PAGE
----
Stratigraphic Architecture of Two Cretaceous Carbonate Platforms: Gulf Coast and Arabia
R. W. Scott
The Comanchean shelf and the southeastern part of the Arabian platform shared similar types of biota and were located in similar climatic zones. However, their tectonic settings were different. The Comanchean shelf lay around the trailing edge of an oceanic basin. The Arabian platform faced an actively spreading oceanic crust. The Comanchean shelf fringed a large continental interior, whereas the Arabian shelf bordered a very small craton. Consequently, general rates of rock accumulation during the Early and middle Cretaceous were up to two times greater on the Comanchean shelf.
The shelf margin location was partly controlled by tectonic features, partly by rates of sediment accretion, and partly by relative sea level position. On the Comanchean shelf the Valanginian and the Barremian-early Aptian shelf margins were ramps that built out faster than up, whereas on the southeastern Arabian platform during the Hauterivian-Aptian the platform built up rather than out.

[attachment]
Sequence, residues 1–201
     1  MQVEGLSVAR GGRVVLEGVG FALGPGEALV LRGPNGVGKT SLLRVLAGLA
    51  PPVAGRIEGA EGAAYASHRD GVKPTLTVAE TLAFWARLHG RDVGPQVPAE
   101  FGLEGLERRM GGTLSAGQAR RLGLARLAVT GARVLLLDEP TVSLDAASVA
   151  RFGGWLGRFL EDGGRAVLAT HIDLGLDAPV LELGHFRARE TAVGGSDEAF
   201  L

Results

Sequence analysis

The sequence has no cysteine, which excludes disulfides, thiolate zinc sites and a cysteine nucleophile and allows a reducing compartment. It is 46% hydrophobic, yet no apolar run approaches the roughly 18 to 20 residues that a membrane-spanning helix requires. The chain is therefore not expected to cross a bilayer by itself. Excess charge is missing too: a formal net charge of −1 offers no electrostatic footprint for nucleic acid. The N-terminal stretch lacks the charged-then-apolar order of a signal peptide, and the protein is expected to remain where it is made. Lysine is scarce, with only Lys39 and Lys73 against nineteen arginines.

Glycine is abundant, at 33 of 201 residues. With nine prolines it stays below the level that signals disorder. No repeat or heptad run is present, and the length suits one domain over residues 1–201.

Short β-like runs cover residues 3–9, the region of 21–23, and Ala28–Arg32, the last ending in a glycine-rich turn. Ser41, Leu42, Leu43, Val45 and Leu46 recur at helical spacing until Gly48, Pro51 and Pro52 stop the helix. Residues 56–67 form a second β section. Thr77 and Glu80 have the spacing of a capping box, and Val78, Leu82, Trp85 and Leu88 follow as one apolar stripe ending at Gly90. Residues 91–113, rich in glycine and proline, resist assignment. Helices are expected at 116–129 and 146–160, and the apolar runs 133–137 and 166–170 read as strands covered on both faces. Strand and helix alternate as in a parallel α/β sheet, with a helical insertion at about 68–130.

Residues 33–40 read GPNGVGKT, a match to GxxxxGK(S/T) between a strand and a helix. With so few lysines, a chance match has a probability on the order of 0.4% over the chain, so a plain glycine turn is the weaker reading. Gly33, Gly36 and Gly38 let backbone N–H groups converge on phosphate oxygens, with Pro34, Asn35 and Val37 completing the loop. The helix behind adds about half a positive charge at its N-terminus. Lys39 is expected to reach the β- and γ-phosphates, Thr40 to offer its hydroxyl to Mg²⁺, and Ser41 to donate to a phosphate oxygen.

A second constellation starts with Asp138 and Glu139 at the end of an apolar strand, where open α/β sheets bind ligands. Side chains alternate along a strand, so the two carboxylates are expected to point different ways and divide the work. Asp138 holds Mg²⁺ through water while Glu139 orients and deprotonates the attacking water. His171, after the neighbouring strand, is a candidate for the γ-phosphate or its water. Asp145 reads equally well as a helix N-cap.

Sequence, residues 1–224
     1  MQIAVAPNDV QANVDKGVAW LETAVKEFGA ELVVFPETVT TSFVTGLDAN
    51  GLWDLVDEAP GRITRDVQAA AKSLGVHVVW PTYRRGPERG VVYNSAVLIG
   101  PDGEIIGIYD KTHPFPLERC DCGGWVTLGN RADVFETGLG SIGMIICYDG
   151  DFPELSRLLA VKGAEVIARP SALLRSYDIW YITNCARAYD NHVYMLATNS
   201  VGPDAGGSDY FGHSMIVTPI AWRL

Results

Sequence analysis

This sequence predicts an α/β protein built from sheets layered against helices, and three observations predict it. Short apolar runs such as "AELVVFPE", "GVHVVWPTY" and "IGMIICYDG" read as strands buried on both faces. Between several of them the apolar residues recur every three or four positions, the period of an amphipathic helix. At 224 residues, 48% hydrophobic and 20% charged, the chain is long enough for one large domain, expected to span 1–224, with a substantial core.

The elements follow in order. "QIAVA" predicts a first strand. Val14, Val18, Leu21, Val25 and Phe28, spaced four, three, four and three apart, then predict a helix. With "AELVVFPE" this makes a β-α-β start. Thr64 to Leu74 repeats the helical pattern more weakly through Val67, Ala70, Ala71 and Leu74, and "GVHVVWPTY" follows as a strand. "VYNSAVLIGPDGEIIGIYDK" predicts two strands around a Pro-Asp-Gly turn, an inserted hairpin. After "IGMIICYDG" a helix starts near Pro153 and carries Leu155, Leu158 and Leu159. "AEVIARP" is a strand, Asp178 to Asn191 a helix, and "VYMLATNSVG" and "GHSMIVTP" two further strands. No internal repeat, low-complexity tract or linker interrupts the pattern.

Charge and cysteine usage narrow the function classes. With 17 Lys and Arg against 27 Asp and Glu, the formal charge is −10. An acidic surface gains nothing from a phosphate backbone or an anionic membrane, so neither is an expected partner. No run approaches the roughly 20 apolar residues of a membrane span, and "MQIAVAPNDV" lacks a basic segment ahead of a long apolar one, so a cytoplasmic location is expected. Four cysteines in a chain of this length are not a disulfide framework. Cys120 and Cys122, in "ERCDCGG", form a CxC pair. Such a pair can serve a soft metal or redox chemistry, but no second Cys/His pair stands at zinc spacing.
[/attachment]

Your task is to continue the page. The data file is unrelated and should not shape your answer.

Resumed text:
During the Albian the Comanchean shelf margin built up and out equally. The Oman part of the Arabian platform was drowned and flooded in the Albian by terrigenous sediments prior to resumption of upbuilding during the Cenomanian. Cenomanian eustatic sea level changes altered the succession of carbonate depositional systems in Oman, while carbonate production on the Comanchean shelf was terminated by this same change. The Oman-United Arab Emirates carbonate platform was terminated by tectonic activity associated with Turonian-Coniacian obduction of the Tethyan oceanic crust.
AAPG Search and Discovery Article #91038©1987 AAPG Annual Convention, Los Angeles, California, June 7-10, 1987.